Electoral officials in El Salvador are recounting the ballots in the presidential election after the losing candidate disputed the preliminary results, which indicted that former guerrilla commander Salvador Sanchez Ceren had won a majority of votes.
Several local newspapers had tipped left-wing candidate Sanchez Ceren, who claimed 50.11% of votes in the preliminary count, to win the election. His conservative rival Norman Quijano has also claimed victory, but the Sanchez Ceren appears confident of winning and has even invited his opponent to take on a role in his administration.
Once confirmed, the winner of the election will begin a five-year term on June 1. Reports say the new president will face a daunting task of reviving the sluggish economy and lifting millions of people out of poverty.
Democratic elections are crucial to attracting investment to the Central American country, which has one of the world’s highest murder rates, largely blamed on the street gangs known as maras. A former mayor of San Salvador, Quijano is famed for having clamped down on these street gangs in the Salvadorian capital.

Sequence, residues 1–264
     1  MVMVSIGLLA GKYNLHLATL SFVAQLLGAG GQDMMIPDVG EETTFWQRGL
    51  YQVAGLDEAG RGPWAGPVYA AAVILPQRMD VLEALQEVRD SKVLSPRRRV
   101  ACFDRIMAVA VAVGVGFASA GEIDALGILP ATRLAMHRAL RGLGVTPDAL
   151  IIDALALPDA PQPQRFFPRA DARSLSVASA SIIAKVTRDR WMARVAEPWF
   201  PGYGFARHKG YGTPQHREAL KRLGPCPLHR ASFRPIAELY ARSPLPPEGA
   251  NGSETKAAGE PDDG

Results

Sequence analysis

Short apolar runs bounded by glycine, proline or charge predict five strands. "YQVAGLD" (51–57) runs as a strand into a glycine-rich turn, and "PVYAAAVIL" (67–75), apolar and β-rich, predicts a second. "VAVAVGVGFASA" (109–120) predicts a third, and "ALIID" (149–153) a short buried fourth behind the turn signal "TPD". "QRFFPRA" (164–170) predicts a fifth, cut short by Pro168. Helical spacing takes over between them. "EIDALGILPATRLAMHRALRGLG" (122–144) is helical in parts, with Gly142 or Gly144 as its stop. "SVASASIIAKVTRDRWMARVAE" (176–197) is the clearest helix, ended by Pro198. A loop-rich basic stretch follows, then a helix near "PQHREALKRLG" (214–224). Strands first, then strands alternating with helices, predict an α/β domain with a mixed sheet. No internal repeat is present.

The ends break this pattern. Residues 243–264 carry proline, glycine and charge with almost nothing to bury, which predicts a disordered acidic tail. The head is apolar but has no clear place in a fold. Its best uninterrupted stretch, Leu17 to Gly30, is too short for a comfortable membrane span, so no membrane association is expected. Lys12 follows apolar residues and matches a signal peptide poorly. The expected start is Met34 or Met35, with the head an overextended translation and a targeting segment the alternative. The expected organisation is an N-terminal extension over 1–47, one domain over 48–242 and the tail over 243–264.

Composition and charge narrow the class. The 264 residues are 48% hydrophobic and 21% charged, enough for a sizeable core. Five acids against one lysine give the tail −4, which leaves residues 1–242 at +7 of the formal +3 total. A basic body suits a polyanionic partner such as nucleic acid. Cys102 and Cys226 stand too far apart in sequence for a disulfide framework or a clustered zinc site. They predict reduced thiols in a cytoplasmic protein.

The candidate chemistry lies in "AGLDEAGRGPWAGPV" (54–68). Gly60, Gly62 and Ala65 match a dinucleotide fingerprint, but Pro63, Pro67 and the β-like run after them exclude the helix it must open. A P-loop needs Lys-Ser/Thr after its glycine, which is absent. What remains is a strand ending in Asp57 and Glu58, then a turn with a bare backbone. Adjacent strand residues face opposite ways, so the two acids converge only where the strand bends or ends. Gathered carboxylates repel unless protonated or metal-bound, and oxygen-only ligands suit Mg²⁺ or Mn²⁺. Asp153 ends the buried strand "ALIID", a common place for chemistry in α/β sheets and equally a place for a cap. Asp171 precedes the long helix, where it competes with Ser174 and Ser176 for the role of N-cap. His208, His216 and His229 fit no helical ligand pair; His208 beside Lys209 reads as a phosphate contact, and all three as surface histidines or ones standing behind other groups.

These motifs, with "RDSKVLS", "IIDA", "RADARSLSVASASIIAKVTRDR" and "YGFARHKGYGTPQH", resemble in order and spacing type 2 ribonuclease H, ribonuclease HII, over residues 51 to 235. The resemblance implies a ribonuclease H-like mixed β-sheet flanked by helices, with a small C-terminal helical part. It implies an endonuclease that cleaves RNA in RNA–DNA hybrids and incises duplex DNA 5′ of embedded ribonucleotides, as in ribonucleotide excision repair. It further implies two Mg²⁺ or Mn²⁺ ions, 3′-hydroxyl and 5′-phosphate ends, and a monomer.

El Salvador is home to a growing outsourcing sector comprised of approximately 12,500 workers. Industry heavyweights like Teleperformance, Atento and Stream all have operations in the country.
El Salvador’s rapid BPO expansion owes much to its wealth of English speakers, boosted in recent years by migrants returning from the United States, where over a quarter of El Salvadorians live. The bilingual labor pool has also been aided by training programs such as “Access to Employment,” a joint project between El Salvador and USAID that includes intensive English training for 5,000 students and workers.